To use them, you’ll need a way of figuring out whether or not a random encounter takes place (I use the system from the B/X Expert Set). That’s all!

I love design notes in gaming books, and a surprising amount of design goes into making wandering monster tables (these took me about 12 hours to make!), so the rest of this post is about my goals, process, assumptions, and the theory behind my tables.

Design goals

I went in with a few goals in mind:

  • Quick and dirty — when in doubt, make the choice that sounds the most fun, and do a lot with one roll
  • Showcase the flavor of DCC
  • Give each terrain type its own feel, which should be discernible to players after just a few encounters
  • Use only the monsters in the DCC core book, and use whatever they say (including rarity)
  • Don’t have too few monsters, because lack of variety is dull
  • But don’t have too many, either, because that dilutes each terrain type
  • Reflect “fantasy western Europe,” and a borderlands/wilderlands kind of region
  • Match the terrain types I used in Hexmancer, my system for procedurally generating hexcrawl terrain and features
  • Play nice with B/X D&D’s encounter chances by terrain type, since that’s what I use

The overuse of “men” in the monster names, while matching the feel of Appendix N, bugs me, but I figured changing it would make these tables less useful to others, so I left all of the monster names as-is.

Baseline

My baseline was always “What does the DCC rulebook say?”

If a monster entry listed terrain types, number appearing, relative rarity, or other details, I used those. If it didn’t, I looked at B/X and/or Jeff’s wandering monster list, and then came up with something that felt right to me.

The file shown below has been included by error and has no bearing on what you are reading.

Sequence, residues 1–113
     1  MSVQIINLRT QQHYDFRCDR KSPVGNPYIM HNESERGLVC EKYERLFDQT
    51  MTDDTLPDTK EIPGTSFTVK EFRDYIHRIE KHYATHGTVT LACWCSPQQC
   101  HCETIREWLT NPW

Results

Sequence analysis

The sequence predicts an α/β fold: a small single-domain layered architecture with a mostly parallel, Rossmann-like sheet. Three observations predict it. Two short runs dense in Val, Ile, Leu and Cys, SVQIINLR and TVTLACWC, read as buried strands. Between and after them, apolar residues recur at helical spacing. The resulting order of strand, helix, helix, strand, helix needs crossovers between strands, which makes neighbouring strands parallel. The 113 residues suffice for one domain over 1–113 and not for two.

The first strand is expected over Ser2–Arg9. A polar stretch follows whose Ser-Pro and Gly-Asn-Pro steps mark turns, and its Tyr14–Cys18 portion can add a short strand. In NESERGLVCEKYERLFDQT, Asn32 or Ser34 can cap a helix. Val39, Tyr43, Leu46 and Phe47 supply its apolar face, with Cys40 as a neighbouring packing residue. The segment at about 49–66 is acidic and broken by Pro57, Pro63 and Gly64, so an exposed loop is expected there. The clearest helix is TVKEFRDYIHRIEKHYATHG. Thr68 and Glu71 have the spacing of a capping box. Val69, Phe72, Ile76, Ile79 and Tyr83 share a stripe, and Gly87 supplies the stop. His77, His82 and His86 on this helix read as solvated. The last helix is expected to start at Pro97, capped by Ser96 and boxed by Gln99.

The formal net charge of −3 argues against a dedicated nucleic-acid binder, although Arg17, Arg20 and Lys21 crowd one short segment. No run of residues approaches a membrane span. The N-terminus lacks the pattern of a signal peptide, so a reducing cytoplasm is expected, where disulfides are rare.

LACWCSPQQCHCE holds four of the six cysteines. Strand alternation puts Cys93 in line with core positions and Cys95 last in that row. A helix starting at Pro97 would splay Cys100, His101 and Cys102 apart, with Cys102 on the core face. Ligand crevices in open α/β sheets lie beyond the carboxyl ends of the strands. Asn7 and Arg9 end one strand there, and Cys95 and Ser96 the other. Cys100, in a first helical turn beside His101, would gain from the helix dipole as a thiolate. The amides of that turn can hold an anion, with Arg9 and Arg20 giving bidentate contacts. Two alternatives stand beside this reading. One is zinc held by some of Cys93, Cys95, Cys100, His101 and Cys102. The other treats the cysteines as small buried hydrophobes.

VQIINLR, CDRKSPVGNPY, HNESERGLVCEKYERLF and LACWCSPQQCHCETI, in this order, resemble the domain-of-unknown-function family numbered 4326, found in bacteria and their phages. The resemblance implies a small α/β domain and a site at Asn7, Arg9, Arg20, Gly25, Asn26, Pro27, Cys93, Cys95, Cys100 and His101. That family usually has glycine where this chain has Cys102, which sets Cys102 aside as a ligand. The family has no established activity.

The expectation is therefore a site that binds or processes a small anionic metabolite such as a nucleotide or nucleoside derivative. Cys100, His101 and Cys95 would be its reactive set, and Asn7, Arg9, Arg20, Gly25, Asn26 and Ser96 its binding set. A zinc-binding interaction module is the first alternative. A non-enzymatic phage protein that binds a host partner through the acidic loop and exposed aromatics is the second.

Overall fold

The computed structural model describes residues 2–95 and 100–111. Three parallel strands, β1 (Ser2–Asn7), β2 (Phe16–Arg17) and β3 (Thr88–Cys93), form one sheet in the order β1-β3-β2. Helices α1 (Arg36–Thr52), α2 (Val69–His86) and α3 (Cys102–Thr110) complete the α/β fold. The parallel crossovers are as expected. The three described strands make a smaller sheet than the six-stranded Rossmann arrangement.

I excluded monsters that are listed as underground-only, as well as the weird ones that seem like they’d work best as placed encounters, not random ones (extradimensional analogues, for example). I also left out things that only live in hot places or jungles (which aren’t in fantasy western Europe, or in Hexmancer).

Massage, dismantle, repeat

My first step was to list every DCC monster under all of the terrain types where it could appear. That gave me a picture of what a world created with this monster manual might look like, as well as some unique monster for specific terrain types and a host of critters that appear only in a couple places — both great starting points for flavor.

It’s not a short list, but it is short on specific things — normal animals, for example. And it’s a quirky list, which I like! Sure, the world likely does have animals in it the PCs could meet . . . but I didn’t worry about that.

I started out with d8+d10 tables, because that roll produces one of my favorite distributions for encounter tables. But I quickly found that I wanted more granularity, which led me to percentile tables. Those also have the added advantage of making the odds immediately discernible, which I like.

A few hours in, I hit on the idea of creating a template table based on the concept of using “brackets” of monsters to convey things about the world.

Broken out, those brackets look like this (in the order they occur on the table):

  • 10% (1-10) say a lot about the world (and the style of game I like to run), while being quite rare. Results 1-10 are on every table except Water, a big-picture statement about what kind of world feels like DCC to me.
  • 25% (11-35) emphasize the importance of humans and humanoids. Humans, humanoids, and subhumans (which are kind of like a mix of both), are on every table.[1] Humans are big in sword and sorcery fiction, and humanoids are big in D&D.
    • Taken in aggregate, the first 35% (1-35) also serve another purpose: Most of them are things that won’t always just try to eat you. Intelligent monsters, and encounters that aren’t always fights, are both good things in my book.
  • 20% (36-55) round out the flavor of the terrain type. These are often unique to the terrain type, but not always, and they’re indicative of what kind of place it is.
  • 45% (56-100) define the terrain type. You have a 45% chance of meeting each terrain type’s signature monsters. More than anything else on the table, these convey what that terrain is all about.

Seeing those odds in graph form also helped me decide that this was a fun distribution model (column height equals percentage chance of that encounter):

Having a template really sped up the process, too, because it made it feel less daunting. Instead of staring at long lists and not being sure quite where to start, I could just look at each terrain type and go, “Okay, which three say ‘forest’ best? Cool, now which four also look like good forest options?”